The Shit Paper
... Wipe your own ass ...

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Behind the wheel of zazen
(Adult practice - Part XVII)
Let me continue with my answer to last month's question: How should we concentrate on the breath?

I said that concentrating on the breath can be a way to calm us down during zazen. Now, there is no exact manual of zazen. We have to experiment and find out about the art of zazen by ourselves. Uchiyama Kosho Roshi, a former abbot of Antaiji, made the comparison to driving a car. At first, driving is not so easy, and it is important for you and the others that you know well how to drive. You have to learn to use the pedals with your feet: Give gas, step on the brake or use the cratch when you shift gears. Apart from shifting gears, your hands have to hold the handle firmly, but sometimes you have to use the winker, or switch on the wipers when it starts to rain. Your eyes should be on the road, you have to look for other cars, for traffic signs, for children playing by the road. Sometimes you have to turn on the radio and listen to information about traffic jams or weather conditions. Sometimes you have to stop and look on a map.

In driving school, you learn about all this, but your driving will not be natural and save as long as you understand the technique and the rules only intellectually: Left foot on the cratch, left hand puts gear into first, right foot gives gas, left foot releases cratch slowly, eyes watch out for pedestrians, use winker to turn left, check back mirror etc.
When your driving is really good , you forget about all this. The car has become your flesh and bones, and all your senses are aware, without your brain always having to check all the rules in the manual.

With zazen it is exactly the same. There are so many checkpoints regarding the posture of the body. All of them are very important of course, and we have to make sure that we know how to exactly adjust the physical posture. Then there is the breath. Then there is the mind. But, if we continue to monitor and check our zazen all the time, we will never be able to sit stable and firmly grounded in samadhi. When we are in samadhi, we completely forget about the body, breath and mind. Naturally, body, breath and mind take care of themselves. Sometimes, a disharmony occurs, and we have to re-adjust our spine, or relax our breathing, or move our awareness to a certain spot in our body-mind. This is like stepping on the brake or giving gas, making a left or right turn with the car. It has to be natural, according to the situation at that time.
Zazen should always take care of itself. We should not try to control zazen.

Sometimes people say you should only concentrate on the breath and forget about everything else. They call this "samadhi". It is possible to develop this "samadhi" so far that you forget about all other sense perceptions, so even when the bell rings after zazen, you do not hear - or to be more precise, you hear, but the sound does not register as the signal for getting up and doing kinhin. I have read about people who sat zazen in this kind of "samadhi" for two weeks, and when they finally woke up, birds had build nests on their shoulders. I have also heard about people who practiced so "seriously" in this way for three or more years and did not even know the faces of the people sitting next to them in the meditation hall. This "samadhi" is not a good state of mind at all if you practice in a sangha. Just as when you drive a car, you have to be aware of everything in the car, around the car, on the road and besides the road, you have to be aware even of dangers you can not see or hear but which could be hiding anywhere. To drive a car, it is not enough if you know how to use the brake only, or the gas pedal only, or the handle only. For zazen, watching the breath only is not enough. In a certain situation, watching the breath can be a very powerful and important technique to sharpen your awareness and calm random thoughts down. But it is not a medicine that cures everything, and it is certainly not a goal in itself.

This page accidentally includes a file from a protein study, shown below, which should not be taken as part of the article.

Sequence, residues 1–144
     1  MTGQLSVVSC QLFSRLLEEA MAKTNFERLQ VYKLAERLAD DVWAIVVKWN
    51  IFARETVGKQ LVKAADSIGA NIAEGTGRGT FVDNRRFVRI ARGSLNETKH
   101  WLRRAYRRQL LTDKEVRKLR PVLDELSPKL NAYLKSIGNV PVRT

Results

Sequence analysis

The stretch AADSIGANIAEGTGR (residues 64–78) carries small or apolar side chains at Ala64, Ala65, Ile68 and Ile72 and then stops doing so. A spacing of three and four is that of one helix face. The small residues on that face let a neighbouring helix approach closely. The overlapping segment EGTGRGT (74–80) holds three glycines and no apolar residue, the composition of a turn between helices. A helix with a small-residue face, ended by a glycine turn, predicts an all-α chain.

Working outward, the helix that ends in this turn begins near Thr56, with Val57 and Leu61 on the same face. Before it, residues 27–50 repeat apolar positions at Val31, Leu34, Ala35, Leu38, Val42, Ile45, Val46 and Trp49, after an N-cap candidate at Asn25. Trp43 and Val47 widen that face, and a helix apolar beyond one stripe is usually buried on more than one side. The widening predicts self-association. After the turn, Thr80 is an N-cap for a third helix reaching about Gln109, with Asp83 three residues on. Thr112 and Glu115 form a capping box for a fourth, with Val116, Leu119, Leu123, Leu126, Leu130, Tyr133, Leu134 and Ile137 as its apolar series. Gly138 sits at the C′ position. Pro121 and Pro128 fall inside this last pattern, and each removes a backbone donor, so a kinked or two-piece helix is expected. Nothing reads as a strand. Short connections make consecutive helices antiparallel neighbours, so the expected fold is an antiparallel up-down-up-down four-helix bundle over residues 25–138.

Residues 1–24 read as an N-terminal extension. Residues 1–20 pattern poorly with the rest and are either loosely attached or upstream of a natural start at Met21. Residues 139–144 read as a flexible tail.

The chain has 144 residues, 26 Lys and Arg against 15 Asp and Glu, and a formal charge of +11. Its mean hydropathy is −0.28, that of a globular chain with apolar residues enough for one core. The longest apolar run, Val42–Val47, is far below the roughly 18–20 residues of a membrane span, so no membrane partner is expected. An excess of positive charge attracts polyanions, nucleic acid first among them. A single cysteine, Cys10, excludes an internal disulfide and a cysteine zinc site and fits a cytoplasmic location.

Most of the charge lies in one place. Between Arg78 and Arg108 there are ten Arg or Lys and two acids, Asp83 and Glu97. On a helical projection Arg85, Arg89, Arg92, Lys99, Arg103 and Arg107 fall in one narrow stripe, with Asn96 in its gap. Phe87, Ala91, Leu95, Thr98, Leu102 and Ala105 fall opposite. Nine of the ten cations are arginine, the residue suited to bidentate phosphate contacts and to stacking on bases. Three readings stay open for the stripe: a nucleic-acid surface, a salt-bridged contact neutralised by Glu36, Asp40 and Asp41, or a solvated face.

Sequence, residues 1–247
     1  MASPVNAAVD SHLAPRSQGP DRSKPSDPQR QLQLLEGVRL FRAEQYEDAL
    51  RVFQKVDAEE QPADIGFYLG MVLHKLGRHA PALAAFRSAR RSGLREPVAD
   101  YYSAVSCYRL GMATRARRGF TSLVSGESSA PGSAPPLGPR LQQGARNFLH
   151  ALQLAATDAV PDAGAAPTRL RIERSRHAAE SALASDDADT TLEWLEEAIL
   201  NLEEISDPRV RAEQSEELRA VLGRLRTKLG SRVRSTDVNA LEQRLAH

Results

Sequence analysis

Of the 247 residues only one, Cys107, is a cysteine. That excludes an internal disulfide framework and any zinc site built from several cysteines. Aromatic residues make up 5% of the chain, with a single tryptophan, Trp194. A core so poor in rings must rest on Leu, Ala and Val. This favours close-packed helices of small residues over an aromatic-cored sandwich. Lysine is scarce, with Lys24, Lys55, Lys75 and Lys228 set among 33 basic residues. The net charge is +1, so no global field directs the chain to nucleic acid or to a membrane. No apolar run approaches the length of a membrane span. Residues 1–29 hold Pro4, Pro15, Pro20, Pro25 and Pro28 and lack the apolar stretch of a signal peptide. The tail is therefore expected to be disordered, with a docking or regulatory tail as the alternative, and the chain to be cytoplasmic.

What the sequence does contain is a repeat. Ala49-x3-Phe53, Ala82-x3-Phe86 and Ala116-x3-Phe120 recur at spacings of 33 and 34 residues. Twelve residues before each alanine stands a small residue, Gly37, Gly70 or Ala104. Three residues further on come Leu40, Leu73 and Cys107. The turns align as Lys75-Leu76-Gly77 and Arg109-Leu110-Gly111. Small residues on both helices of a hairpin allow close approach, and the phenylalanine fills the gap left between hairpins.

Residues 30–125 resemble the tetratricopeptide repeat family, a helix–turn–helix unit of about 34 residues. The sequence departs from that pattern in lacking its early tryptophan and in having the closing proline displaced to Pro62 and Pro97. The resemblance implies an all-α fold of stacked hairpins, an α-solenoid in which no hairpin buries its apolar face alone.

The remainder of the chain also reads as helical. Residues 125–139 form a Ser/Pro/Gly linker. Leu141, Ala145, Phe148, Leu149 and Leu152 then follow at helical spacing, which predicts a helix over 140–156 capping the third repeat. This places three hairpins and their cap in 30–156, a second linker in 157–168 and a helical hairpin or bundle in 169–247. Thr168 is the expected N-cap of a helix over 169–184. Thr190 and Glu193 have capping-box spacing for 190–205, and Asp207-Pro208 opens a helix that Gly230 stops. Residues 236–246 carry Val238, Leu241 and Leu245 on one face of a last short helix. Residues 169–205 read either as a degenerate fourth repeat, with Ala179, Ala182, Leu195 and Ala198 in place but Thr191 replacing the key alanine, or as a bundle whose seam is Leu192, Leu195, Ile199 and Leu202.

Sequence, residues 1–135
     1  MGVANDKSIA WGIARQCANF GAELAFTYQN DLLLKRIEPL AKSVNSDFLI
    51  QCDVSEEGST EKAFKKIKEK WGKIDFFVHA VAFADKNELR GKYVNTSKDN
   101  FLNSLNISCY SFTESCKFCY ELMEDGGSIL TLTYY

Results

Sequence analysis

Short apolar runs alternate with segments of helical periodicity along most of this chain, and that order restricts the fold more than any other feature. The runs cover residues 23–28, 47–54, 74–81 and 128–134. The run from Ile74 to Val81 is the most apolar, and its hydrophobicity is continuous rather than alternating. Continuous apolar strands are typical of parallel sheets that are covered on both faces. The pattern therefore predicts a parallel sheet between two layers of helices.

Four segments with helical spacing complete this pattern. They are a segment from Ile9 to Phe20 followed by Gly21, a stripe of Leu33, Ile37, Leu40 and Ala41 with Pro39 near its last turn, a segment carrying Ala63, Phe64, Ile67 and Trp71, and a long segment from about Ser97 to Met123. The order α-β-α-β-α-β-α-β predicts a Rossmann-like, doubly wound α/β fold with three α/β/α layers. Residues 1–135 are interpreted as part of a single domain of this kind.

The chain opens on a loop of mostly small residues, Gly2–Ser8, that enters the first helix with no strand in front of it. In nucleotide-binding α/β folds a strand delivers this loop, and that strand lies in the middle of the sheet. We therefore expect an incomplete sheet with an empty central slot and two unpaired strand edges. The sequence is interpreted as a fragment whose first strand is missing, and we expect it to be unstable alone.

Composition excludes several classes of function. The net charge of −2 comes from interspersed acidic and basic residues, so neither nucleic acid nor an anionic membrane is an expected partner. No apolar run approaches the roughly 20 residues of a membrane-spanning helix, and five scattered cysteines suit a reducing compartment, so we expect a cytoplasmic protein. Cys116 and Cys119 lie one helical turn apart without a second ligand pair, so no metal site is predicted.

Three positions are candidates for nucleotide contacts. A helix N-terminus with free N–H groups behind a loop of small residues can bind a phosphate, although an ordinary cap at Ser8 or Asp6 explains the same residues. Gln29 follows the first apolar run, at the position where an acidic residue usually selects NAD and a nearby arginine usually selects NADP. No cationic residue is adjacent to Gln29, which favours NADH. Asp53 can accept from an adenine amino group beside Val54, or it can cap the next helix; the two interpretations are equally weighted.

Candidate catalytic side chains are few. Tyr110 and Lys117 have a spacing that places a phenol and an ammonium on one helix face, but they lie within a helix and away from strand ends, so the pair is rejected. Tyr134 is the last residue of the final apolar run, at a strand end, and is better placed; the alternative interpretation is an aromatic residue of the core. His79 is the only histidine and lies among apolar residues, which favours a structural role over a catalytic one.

In zazen, you have to be aware of everything, the whole of reality as it is, without holding onto anything. That means you are aware of everything, open to reality here and now, and at the same time you forget really everything, let go reality here and now.

I think this is what is really meant by samadhi. In this samadhi, the breath is not a problem. Just let it be natural. The pain is not a problem. Just let it be and let it help you to be aware. Sleepiness is not a problem. Realize that you are sleepy, maybe you have started to dream, now get back and stay awake anyway. Internal thoughts are no problem. Realize you have them, as all of us have, because we have healthy brains who's function is to produce such thoughts. Realize you have them and let them be.